Opening 16 May 2013
Writing credits: Ulrich Seidl, Veronika Franz
Principal actors: Melanie Lenz, Verena Lehbauer, Joseph Lorenz, Michael Thomas, Viviane Bartsch
He did it – the hat trick! The controversial Austrian filmmaker Ulrich Seidl showed Paradies: Hope, the finale of his trilogy Love, Faith, Hope at the Berlinale 2013. The films were shown at three successive major film festivals. The first was Paradies: Liebe (Paradise: Love) seen at Cannes and Paradies: Glaube (Paradise: Faith) at Venice. Each film concentrates on one woman’s effort to come to terms with unfulfilled longings. Ulrich Seidl’s strength and trademark is his typical documentary style with exaggerated formal settings and carefully arranged colour coding.
Whilst Liebe looks at Teresa, a lonely middle-aged woman looking for sex in Kenya; in Glaube we suffer with her sister, a religious Christian zealot, who is fighting against sex by flagellating herself. Seidl’s last film Hope brings it together with introducing Teresa’s 13-year-old daughter Melanie (Melanie Lenz) discovering first love. The chubby teenager spends her school vacation in a “diet camp” with other overweight boys and girls. It is not much of a holiday to be lectured by a reed-thin dietician and being drilled by a bullying trainer. Having the youngsters running around him in a circle, like circus horses, looks ridiculous – but also funny. It’s embarrassing to listen to their chorus of “If you’re happy and you know it, clap your fat…” instead of “clap your hands” like in the children’s song. Luckily, the girls make the most of their stay. They secretly meet at night for a smoke and a drink, giggle together or share their hopes and insecurities. One night they even raid the kitchen for sweets (a very amusing scene). During the regular medical check-ups with the camp’s doctor (Joseph Lorenz) Melanie shyly falls in love with the rather neurotic man. He is 40 years her senior, likes her too but is awkwardly fighting his feelings.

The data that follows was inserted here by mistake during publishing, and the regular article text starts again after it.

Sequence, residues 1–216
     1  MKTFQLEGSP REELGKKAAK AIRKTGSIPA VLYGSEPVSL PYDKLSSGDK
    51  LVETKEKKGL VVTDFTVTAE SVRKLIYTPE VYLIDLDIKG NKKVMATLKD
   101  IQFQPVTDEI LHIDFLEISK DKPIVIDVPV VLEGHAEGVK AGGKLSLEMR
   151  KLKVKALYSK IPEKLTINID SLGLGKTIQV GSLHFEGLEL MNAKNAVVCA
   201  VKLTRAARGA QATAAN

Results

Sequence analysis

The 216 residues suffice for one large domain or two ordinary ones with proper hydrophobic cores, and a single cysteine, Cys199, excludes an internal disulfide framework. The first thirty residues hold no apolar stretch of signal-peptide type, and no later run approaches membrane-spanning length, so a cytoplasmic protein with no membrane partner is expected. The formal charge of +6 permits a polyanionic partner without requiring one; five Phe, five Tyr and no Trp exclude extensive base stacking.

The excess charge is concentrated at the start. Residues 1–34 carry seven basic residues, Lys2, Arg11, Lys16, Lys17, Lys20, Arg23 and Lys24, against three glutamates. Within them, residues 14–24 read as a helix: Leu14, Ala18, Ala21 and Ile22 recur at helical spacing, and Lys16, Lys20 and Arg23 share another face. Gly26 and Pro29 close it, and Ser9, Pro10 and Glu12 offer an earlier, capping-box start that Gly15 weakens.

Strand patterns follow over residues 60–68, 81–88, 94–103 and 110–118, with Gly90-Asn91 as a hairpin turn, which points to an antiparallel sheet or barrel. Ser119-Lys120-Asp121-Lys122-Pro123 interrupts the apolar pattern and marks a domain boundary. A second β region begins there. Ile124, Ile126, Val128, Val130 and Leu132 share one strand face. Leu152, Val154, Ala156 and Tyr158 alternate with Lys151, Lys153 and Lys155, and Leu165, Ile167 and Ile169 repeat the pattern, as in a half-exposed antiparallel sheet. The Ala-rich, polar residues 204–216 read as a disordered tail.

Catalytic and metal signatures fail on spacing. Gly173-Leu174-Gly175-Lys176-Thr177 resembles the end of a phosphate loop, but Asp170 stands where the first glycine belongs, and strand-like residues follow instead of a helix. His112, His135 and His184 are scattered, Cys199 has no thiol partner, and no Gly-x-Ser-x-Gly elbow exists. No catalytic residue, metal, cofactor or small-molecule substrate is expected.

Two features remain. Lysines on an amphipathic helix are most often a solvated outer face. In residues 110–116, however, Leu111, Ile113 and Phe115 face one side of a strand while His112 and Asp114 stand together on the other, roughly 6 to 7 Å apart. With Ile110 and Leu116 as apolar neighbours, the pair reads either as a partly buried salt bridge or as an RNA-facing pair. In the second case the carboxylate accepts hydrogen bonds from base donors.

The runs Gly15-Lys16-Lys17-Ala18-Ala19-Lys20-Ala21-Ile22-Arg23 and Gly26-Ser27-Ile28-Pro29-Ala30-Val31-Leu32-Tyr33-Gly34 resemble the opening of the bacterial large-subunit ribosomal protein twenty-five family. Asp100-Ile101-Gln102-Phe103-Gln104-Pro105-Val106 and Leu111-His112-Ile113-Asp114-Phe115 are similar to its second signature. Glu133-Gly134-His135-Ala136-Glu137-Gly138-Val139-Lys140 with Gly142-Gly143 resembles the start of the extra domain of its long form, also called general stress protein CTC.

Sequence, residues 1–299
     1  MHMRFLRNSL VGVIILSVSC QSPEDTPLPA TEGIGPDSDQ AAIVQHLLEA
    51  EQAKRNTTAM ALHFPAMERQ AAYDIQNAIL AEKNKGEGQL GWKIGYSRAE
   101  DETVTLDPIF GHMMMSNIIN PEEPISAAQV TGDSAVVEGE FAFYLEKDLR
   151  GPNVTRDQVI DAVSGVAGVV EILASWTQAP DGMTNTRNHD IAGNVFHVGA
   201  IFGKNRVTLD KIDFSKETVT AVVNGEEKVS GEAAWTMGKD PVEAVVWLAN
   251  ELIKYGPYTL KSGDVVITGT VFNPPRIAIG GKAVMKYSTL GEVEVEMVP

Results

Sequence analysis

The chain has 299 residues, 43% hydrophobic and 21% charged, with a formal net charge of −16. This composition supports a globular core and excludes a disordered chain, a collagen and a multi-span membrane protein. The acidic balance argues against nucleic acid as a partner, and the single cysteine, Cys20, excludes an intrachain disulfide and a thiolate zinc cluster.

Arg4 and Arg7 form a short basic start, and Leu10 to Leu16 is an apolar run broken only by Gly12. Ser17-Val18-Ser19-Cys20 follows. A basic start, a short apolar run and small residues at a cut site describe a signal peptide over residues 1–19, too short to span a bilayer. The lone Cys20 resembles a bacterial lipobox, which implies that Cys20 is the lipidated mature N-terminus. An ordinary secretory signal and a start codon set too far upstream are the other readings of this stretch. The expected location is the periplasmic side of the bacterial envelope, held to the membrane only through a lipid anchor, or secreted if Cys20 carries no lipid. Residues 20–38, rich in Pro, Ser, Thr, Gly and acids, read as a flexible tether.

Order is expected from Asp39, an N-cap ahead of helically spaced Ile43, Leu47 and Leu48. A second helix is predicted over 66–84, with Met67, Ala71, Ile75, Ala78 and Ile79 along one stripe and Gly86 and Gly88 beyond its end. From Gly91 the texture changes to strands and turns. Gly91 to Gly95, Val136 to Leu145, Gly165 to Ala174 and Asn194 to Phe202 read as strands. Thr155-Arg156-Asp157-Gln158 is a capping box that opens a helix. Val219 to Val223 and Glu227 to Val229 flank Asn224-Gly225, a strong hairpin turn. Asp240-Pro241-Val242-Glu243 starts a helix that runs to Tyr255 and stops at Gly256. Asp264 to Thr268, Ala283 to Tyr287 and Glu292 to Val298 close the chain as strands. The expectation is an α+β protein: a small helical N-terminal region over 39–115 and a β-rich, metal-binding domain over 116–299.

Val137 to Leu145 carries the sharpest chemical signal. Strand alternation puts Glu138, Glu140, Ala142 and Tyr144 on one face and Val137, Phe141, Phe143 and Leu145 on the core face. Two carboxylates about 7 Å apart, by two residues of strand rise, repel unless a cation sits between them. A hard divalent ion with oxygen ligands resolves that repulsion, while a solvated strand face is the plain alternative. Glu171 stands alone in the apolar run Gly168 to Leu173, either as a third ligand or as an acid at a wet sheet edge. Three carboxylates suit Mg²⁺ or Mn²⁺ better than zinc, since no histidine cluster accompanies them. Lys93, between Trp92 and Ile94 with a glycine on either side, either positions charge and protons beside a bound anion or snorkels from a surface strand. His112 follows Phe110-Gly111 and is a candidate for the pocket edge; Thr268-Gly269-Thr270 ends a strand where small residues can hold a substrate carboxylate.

At the time of shooting Melanie Lenz was only 13 years old and had no real acting experience, except at school plays. Her acting in Hope is very natural and totally convincing. She teams up well with her film-girlfriend Verena Lehbauer, 16 years at the time. Listening to them cuddling together in one bed, exchanging girly secrets, feels like eavesdropping. The camera team, Wolfgang Thaler and Ed Lachman, perfectly catch the atmosphere of serenity but also of cheerfulness.
As for the film’s theme: is there “Hope” for paradise? All three female protagonists of the trilogy are going through emotional sufferings, striving for happiness against all odds. All three films show a strong physical awareness. It is Seidl’s way of criticizing society’s insistence on beauty standards. (Birgit Schrumpf)